Inhaled corticosteroids are often advised for long-term asthma control. These medicines are safe for long-term use. They are not the steroids that you hear about athletes abusing. The normal prescribed doses of corticosteroids don’t often cause side effects. That’s because they’re inhaled right into your lungs, where they’re needed. So they have little effect on the rest of your body. The chance of side effects can be even lower if you:
Ask your healthcare provider about using a spacer or holding chamber with your inhaler. These devices help the medicine get to your lungs more easily.
Rinse your mouth and spit out the water after using the inhaler. This simple step will help prevent some side effects.
Work with your provider to find the lowest dose to control your asthma.
Show your provider how you use your inhaler. This is to make sure you are using it correctly.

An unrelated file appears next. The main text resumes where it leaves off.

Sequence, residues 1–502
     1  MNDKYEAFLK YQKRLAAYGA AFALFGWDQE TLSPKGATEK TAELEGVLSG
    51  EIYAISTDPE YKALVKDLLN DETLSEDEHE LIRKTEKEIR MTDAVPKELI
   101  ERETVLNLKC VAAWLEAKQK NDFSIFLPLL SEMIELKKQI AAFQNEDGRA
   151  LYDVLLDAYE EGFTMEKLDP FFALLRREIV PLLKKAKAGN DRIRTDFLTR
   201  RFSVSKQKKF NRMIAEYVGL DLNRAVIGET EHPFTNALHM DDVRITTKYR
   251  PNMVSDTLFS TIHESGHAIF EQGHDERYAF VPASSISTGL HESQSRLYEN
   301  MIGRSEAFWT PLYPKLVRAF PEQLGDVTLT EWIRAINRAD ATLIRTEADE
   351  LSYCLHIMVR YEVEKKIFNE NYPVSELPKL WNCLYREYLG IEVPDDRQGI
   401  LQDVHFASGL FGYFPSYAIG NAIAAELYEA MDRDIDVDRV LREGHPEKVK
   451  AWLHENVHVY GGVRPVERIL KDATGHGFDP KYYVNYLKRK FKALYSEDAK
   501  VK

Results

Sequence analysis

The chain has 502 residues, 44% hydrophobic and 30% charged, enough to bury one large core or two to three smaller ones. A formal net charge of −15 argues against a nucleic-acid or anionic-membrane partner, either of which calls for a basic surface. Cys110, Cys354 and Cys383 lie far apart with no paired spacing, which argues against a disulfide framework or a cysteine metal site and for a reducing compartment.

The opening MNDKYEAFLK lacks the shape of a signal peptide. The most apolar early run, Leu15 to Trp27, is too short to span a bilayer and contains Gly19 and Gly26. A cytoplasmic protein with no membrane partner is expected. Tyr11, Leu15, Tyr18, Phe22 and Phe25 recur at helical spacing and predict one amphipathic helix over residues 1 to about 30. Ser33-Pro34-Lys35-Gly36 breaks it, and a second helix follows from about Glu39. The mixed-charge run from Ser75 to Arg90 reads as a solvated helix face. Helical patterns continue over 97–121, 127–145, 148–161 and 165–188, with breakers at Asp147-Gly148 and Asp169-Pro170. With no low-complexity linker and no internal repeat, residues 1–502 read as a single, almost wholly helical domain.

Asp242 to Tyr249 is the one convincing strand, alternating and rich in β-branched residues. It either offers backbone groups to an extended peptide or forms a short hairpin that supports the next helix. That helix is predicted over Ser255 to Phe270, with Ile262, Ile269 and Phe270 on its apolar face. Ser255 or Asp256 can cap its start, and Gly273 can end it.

Remove the cap and shake well.
If you use a spacer or holding chamber, attach it to the inhaler.
Take a deep breath in. Then breathe out.
Place the inhaler in the correct position. This step isn’t the same for everyone. Make sure you know how your healthcare provider wants you to hold your inhaler.
Breathe in and press on the inhaler at the same time.
Hold your breath for 10 seconds. This means slowly count to 10.
Slowly let your breath out.
Medicines play a key role in controlling your asthma. It’s important to use them the right way. Use your asthma action plan as your guide. Bring the plan with you to every appointment. Then you can review and update it with your healthcare provider. And don’t stop taking your asthma medicine if you feel better. If you have any questions, ask your provider or pharmacist.